If you’ve ever watched a Twitch streamer play poker online, chances are you’ve noticed a bunch of colorful numbers floating next to each of their opponents at the table.
This means they’re using a poker HUD (“heads-up display”), a piece of computer software that displays analytics about your opponents based on hands you’ve previously played against them. The HUD overlays on your poker tables so you can reference the information as and when you need it.
Some streamers choose to hide their HUD when streaming, while others display them, giving the viewers an insight into how they examine and apply the information in-game. It’s safe to say all high-level poker players use them.
In his BBZ Bundle, Jordan “bigbluffzinc” Drummond breaks down which statistics he uses in his HUD, and which he believes are the most important.
Here’s a look at what BBZ looks at to help inform his decisions in-game.
NOTE: For aspiring players who are new to HUDs, your HUD needn’t be as detailed as BBZ’s. We’ll list the ‘must-have’ stats you should include in your own HUD at the end.
NUMBER OF HANDS
This stat simply shows you how many hands you have played against an opponent.
“This tells me how relevant the data set I’m working with is,” says BBZ. “In a perfect world, we have a few hundred hands or more on someone, but often we’re making do with less.
“My general philosophy around HUD use is that bigger data sets are better by a large margin, so I have a focus on pre-flop data even when I’m making post-flop decisions.”
3-BET / FOLD TO 3-BET
These stats will give you an understanding of how aggressive your opponent is playing, but also how wide a range they’re opening. If your opponent has a high fold-to-3-bet percentage, this incentivises us to 3-bet them more often.
But remember: if your sample size is too small, this information could work against you. All players go on hot streaks where they might pick up 10 premium starting hands over a 30-hand sample, for example, and 3-bet every time. This doesn’t mean they’re always over 3-betting.
LIMP / LIMP-FOLD / ISOLATE LIMPERS
This stat particularly targets play from the small blind.
“These blind vs blind stats are very helpful,” says BBZ. “Some people don’t limp very often, others limp 100%. They should be limping around 85% but it can be very helpful to know if someone is trying to limp 100%.”
RAISE FIRST IN (RFI) BY POSITION
(from left to right: SB, BTN, CO, MP, EP)
BBZ pairs this line with the line above it. “This pairing will give you a very good understanding of what someone is doing in the small blind. It’s very important to have access to that. The most relevant info is going to be the positions with the widest ranges.”
BBZ then groups the next three lines together.
BIG BLIND (BB) FOLD / BB 3-BET / BB CALL
SMALL BLIND (SB) FOLD / SB 3-BET / SB CALL
BUTTON (BTN) FOLD / BTN 3-BET / BTN CALL
“These three lines are extraordinarily important to me,” says BBZ. “People who have gone through my content know that I really emphasise the steal positions–big blind, small blind, button, late positions in general–and the reason for that is that’s where poker takes place.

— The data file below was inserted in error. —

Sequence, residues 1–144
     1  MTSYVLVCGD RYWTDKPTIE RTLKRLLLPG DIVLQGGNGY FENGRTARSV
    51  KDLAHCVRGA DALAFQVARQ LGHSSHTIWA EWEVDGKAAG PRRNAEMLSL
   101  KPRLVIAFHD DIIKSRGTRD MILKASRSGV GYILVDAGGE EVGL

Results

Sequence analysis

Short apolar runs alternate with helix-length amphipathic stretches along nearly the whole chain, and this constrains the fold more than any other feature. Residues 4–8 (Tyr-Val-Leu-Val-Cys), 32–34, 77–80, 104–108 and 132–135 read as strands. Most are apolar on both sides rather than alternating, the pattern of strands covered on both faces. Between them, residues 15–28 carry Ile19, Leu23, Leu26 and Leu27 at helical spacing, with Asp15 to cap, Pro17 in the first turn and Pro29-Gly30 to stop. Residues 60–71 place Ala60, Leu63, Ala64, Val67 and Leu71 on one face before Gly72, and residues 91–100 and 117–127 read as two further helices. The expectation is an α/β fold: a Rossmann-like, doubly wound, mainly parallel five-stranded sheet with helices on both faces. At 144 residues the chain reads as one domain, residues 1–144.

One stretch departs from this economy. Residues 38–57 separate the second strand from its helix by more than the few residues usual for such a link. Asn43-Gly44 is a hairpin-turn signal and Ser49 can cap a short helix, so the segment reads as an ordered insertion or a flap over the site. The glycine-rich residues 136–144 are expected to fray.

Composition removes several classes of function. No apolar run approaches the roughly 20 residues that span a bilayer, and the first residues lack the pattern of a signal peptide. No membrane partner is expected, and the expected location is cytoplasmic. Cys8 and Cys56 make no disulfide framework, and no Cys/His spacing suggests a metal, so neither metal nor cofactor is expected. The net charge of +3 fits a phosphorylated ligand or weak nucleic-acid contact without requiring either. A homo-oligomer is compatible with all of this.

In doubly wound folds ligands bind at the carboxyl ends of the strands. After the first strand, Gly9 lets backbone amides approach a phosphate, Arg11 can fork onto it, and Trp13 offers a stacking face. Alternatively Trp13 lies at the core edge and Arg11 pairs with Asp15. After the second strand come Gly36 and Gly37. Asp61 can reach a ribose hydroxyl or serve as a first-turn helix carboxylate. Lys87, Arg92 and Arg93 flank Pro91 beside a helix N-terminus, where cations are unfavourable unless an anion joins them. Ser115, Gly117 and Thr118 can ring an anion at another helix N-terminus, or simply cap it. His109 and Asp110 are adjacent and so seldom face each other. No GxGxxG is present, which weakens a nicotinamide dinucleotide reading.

“Knowing how someone plays under the gun when you’re UTG+1 isn’t as relevant because you might be six-handed a lot, four-handed a lot etc.
“All wide ranges happen around the late positions, so this where I want the most information. This is where opportunities lie. This is where people might overdo it, underdo it, etc.”
Next BBZ has some generic post-flop stats that he likes to keep tabs on.
FOLD TO C-BET ON FLOP: “Lots of exploits open up if someone is folding too much.”
BET VS MISSED C-BET: (i.e. bet when checked to)
CHECK FOLD PERCENTAGE (i.e. Fold to bet on flop)
C-BET IN POSITION
C-BET OUT OF POSITION
Preflop stats are very important. BBZ believes that both a player’s fold to c-bet percentage and their c-bet flop percentage offer many simple exploits.
“I like looking into these numbers because someone’s aggregate c-bet is great to have, but obviously we deploy very different strategies as the IP vs OOP c-bettor,” says BBZ. “If I flat someone on the button or in the cutoff vs MP or EP, it can be very helpful to know if someone is continuing to c-bet when they’re OOP at a high clip, or whether they’re using a more reasonable strategy that involves a lot of checking in general.”
When BBZ is in-game, you’ll see him referencing these preflop stats a lot as that’s where he has the most samples.
“You’ll see me bluff catching rivers when someone opens too much, for example. What a balanced range might come down to in a spot could be just a few value bets. They could be constrained to just a few value bets, so if I can come up with a few extra bluffs, that might make the difference between a -EV bluff catcher and a +EV bluff catcher.
WHICH STATS SHOULD YOU USE?
To keep your HUD simple and easy to use while you grow your data set, we suggest you have the following stats on display:
NUMBER OF HANDS
This shows you how relevant your data set is. The bigger the number, the better.
“Voluntarily put money into pot” shows you what percentage of hands an opponent is playing overall.
“Pre-flop raise” shows you the percentage of hands an opponent is opening.
This shows you the percentage of hands an opponent is 3-betting vs an open.
FOLD TO 3-BET
This shows you the percentage of hands an opponent is folding to 3-bets after they have opened.
This shows you how often an opponent is c-betting on flops. If the number is very high over a large sample, it’s likely they lack some fundamentals.
FOLD TO C-BET
This shows you how often an opponent is folding to c-bets on flops. The bigger the number, the more aggressively you can c-bet.
This simple HUD set-up will give you the basic information you need to inform your decisions. The larger your data set becomes, the more detailed you can make it. And remember, you can always click on an opponent’s tab to see a more detailed breakdown of all statistics.